Process Safety Models: Cheese, Chains, or Cords?

The author discusses various methods of modeling process safety.

The Swiss cheese model is often used to represent process safety. The individual slices represent different defenses or barriers, and the holes represent the potential for a barrier to fail. If the holes should align, all barriers will fail and the hazard consequence will be realized. Weaker barriers have bigger or more holes than stronger barriers. It usefully captures the idea of layers of protection, and of these being invoked in the order corresponding with the layer sequencing, but it relies upon the abstract notion of dynamic holes that vary in size and location, and, in illustration, it requires a perspective drawing. It is an appealing illustration that immediately conveys the primary concern of multiple concurrent failures; it is perhaps less good at representing the integrated nature of process safety.

Barriers or defenses that consist of multiple elements are sometimes thought of as chains because the elements must all work together if the barrier is to be effective. This is not really an accurate analogy, however. “A chain is only as strong as its weakest link,” because each link carries an identical load. This is not true of process safety protection chains. In terms of protection, the strength of a chain link-element relates to the probability of its failing when needed. If the strength of a link is increased (the probability of failure reduced), the strength of the entire chain is enhanced because the strength of a protection chain corresponds with the aggregate probability of failure of all the link-elements. The all-work-together concept is potentially useful for our purposes in modeling protection, but the “weakest link” notion is so strongly associated with chains that this militates against their adoption.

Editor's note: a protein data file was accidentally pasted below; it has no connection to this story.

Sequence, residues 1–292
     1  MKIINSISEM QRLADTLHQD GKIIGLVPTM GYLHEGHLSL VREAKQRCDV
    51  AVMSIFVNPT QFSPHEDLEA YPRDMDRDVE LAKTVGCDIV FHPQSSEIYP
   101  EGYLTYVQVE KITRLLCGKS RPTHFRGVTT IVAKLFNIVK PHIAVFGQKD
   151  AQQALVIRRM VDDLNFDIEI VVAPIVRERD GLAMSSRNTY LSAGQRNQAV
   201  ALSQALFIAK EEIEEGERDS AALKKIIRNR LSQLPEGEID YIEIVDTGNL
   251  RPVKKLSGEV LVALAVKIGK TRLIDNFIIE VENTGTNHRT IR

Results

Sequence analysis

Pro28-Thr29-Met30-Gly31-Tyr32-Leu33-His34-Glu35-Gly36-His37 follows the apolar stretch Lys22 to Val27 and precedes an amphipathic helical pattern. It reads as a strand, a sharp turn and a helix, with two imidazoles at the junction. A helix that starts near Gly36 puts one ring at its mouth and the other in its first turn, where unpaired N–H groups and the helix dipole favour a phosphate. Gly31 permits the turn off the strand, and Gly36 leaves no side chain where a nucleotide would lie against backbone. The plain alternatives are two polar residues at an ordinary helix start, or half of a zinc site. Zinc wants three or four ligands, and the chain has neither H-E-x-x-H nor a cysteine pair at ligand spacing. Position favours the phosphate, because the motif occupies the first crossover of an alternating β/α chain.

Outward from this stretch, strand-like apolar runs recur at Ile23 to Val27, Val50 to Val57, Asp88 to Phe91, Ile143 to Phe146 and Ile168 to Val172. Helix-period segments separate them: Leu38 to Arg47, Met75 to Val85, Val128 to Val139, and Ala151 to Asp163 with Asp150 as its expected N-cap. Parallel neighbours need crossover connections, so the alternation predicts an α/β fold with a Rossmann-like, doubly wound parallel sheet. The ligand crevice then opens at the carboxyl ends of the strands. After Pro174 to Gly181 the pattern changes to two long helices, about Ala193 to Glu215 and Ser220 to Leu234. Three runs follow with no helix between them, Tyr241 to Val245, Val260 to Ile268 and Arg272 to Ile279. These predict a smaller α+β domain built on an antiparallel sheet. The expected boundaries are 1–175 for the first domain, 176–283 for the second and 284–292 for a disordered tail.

As an alternative, we might adopt a model of a “suspended load,” which might be considered as more complete in representing the idea of an integrated system. In this model, which can be illustrated without using perspective, process safety is represented as an arch carrying a suspended load that represents process hazard. The arch represents inherent safety—those design provisions that mean there is a low danger level even if the active systems should fail; a load-hazard above the arch cannot be realized as long as the inherent safety provisions are maintained. (But it may be realized if uncontrolled changes are introduced that undermine the inherent safety provisions.) If the suspended load is dropped, the hazard event will be realized. The load is suspended by a number of cords, each of which represents a different defense or barrier. These cables are of different lengths. The shortest will carry the load; but, if it should fail, the load will transfer to the next shortest. The cords may also have different strengths, corresponding with their probability of failure. A typical arrangement would be a pressure-control system backed up with a high-pressure trip function, backed up, in turn, by a relief system. In normal operation, the load is carried by the control system and the other cords are slack. It is only if the control system cord should fail that the load is placed upon the high-pressure trip cord. If that cord should fail, or be disconnected by an override, the load will be placed upon the relief system cord. If all cords are compromised, the load will be dropped and the hazard event will be realized.

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